Open access peer-reviewed chapter

Developments in Solid-State NMR Spectroscopy of Polymer Systems

By Antonio Martínez-Richa and Regan L. Silvestri

Submitted: October 30th 2016Reviewed: June 13th 2017Published: December 6th 2017

DOI: 10.5772/intechopen.70116

Downloaded: 649

Abstract

Solid-state nuclear magnetic resonance (NMR) has long emerged as a valuable technique for characterizing the molecular structure, conformation, and dynamics of polymer chains in various polymer systems. The principles of the solid-state 13C NMR cross-polarization experiment are described along with corresponding relaxation measurements. The ensuing recent applications of these techniques to different polymer systems are reviewed, with selected examples that have appeared in the recent literature. All of these applications of solid-state NMR to polymers have one feature in common: the interpretation of spectroscopic observations as related to the structural features and physical properties of the polymer.

Keywords

  • polymers
  • solid-state NMR
  • structure-property relationship
  • polymer morphology
  • polymer dynamics
  • NMR relaxation time

1. Introduction

Solid-state nuclear magnetic resonance (NMR) spectroscopy is at this time well-established as a valuable technique for characterizing a variety of polymer systems. A multitude of NMR experiments can be used to gain valuable practical information about the molecular structure, conformation, and dynamics of polymer chains in various polymer systems. Such information is useful in the design of polymer properties, and therefore the technique of solid-state NMR has been widely applied to numerous polymer systems.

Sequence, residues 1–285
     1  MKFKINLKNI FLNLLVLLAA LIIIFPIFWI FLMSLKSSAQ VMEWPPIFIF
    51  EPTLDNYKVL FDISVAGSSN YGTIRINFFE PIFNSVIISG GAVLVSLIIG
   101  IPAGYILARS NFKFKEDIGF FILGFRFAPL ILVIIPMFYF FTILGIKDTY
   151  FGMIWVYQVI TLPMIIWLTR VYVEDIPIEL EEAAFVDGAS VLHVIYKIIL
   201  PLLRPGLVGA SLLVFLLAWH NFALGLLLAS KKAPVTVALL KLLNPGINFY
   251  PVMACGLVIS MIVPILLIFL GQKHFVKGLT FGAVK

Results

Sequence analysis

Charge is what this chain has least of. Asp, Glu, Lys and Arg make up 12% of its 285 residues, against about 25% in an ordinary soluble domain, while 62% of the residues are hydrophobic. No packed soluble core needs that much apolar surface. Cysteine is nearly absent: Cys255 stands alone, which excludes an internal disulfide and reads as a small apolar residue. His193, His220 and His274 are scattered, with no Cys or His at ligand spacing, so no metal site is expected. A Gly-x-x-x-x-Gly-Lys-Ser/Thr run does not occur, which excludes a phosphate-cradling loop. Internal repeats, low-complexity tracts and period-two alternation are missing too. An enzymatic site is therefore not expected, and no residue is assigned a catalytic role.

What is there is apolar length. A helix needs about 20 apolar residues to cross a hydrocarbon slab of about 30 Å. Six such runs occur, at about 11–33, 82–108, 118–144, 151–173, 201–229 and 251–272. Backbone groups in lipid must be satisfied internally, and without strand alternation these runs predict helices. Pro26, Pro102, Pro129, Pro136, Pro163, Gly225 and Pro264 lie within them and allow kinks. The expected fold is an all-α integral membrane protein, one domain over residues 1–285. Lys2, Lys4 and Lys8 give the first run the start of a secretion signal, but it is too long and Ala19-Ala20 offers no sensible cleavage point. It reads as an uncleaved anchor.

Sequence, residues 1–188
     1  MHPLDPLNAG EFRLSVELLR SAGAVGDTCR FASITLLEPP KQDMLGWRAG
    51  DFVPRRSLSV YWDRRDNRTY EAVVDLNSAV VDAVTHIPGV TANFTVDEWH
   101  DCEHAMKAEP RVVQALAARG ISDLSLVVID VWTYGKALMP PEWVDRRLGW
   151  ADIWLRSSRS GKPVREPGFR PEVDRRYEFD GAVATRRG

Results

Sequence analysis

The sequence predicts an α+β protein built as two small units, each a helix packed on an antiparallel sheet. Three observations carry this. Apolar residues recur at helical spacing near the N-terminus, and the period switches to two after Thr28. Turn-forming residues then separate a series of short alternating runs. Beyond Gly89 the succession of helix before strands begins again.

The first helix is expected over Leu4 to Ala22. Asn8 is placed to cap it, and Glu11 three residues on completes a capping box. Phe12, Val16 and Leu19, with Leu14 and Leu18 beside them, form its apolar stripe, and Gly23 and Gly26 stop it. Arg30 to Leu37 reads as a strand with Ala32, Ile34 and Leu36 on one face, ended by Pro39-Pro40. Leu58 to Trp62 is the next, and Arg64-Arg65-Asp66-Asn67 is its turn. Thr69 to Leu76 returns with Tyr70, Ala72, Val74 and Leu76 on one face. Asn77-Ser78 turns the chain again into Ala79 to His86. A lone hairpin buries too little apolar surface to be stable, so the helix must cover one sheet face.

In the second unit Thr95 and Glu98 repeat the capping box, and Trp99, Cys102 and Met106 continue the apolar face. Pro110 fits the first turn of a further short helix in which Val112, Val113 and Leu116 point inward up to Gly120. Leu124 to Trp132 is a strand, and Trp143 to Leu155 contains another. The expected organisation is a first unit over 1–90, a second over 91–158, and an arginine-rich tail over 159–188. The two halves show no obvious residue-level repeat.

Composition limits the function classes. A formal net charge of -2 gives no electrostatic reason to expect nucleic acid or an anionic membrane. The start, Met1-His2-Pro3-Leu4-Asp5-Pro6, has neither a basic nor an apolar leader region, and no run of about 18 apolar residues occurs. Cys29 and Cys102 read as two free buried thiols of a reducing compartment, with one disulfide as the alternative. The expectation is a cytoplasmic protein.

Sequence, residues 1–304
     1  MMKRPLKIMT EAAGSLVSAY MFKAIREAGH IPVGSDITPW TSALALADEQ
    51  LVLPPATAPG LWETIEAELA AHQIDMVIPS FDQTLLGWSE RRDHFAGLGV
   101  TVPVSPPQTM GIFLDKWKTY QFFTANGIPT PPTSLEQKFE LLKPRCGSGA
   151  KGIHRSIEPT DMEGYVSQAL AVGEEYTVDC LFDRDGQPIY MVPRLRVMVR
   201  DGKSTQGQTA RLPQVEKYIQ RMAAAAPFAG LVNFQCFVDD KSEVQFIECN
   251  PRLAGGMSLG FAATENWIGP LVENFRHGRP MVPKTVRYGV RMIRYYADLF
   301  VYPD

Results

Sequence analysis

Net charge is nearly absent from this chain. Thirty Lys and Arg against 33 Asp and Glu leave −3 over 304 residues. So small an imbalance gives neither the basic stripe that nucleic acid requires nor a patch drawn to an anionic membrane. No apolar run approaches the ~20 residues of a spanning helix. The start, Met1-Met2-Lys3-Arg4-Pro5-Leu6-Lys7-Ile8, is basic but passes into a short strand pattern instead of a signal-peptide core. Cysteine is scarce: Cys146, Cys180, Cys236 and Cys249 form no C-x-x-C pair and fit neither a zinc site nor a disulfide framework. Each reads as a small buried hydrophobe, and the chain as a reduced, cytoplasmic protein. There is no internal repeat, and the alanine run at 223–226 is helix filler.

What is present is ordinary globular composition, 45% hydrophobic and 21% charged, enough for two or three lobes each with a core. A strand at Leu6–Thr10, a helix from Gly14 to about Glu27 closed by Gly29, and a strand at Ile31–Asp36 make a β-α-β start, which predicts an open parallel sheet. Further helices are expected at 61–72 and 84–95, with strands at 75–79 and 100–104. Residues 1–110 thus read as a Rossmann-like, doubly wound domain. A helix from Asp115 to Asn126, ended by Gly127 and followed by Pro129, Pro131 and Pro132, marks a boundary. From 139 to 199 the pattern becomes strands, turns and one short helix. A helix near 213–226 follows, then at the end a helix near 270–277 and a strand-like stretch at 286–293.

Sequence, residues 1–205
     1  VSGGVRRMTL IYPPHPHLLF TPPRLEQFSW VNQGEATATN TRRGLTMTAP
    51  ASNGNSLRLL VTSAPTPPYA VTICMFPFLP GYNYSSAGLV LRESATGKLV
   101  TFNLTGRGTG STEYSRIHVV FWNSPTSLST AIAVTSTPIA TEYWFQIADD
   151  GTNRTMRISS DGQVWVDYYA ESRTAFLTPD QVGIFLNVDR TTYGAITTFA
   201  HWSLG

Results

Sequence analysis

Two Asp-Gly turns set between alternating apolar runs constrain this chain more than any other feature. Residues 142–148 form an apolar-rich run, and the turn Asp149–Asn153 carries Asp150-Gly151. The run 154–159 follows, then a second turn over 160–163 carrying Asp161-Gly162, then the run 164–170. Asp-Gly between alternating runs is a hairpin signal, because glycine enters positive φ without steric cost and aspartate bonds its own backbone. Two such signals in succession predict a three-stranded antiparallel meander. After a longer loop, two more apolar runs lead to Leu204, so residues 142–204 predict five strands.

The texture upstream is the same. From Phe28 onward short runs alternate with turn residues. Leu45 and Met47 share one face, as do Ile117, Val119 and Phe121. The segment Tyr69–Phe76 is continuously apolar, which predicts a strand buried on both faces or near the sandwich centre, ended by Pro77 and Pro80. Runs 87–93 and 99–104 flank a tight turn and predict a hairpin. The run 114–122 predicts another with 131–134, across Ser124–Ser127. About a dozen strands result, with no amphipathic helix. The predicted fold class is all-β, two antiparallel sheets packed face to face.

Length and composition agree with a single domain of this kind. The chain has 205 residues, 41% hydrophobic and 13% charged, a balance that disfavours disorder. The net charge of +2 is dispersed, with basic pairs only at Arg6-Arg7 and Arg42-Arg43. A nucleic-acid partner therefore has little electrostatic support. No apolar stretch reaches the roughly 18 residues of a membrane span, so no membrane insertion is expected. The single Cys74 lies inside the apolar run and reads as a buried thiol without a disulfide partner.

The use of solid-state 13C NMR is well established for elucidation of cross-linking structures in elastomers and bonding structures in adhesives [1], and the technique continues to be applied to new elastomer and adhesive systems. These same techniques are now being applied to new polymer systems such as self-assembled polymers, advanced functional polymers, electroconducting polymers, microporous materials, and proteins [2].

2. High-resolution 13C NMR spectroscopy of solid polymers

Nuclei with a spin quantum number of I = ½ such as 1H, 13C, 19F, 29Si, 15N, and 31P yield high-resolution NMR spectra and are therefore particularly informative in the study of polymer systems. These nuclei display spectra with unique peaks for each magnetically inequivalent nuclei in the chemical structure, essentially enabling the study of individual atomic positions within the chemical structure of a polymer [3]. As such, localized information can be ascertained about individual atomic sites within the chemical structure of a polymer.

In solution, local magnetic fields experienced by nuclei are averaged by rapid isotropic motions resulting in the observation of relatively sharp NMR peaks. Polymers however are largely used not in the solution state but as structural engineered materials such as plastics and elastomers in the solid state. Therefore, there is a need to study them as solids, to characterize their properties in the solid state, which is the state that they will be used as structural materials. Observation of the 13C nucleus in the solid state is complicated by line broadening caused by strong dipolar interactions with the abundant 1H isotope. This line broadening is reduced by heteronuclear dipolar decoupling (DD), a high powered radio frequency (rf) pulse at the 1H frequency during the time in which the 13C signal is observed [4].

The collection of solid-state NMR spectra is also complicated by high chemical shift anisotropy, which is motionally averaged in the liquid state. The line broadening caused by chemical shift anisotropy in the solid state is reduced by a technique termed magic angle spinning (MAS). The broad chemical shift anisotropy pattern of a solid is reduced to a single peak at the isotropic chemical shift by spinning the solid sample, typically at a rate of a few thousand hertz, at an angle of precisely 54.74° relative to the static magnetic field [5].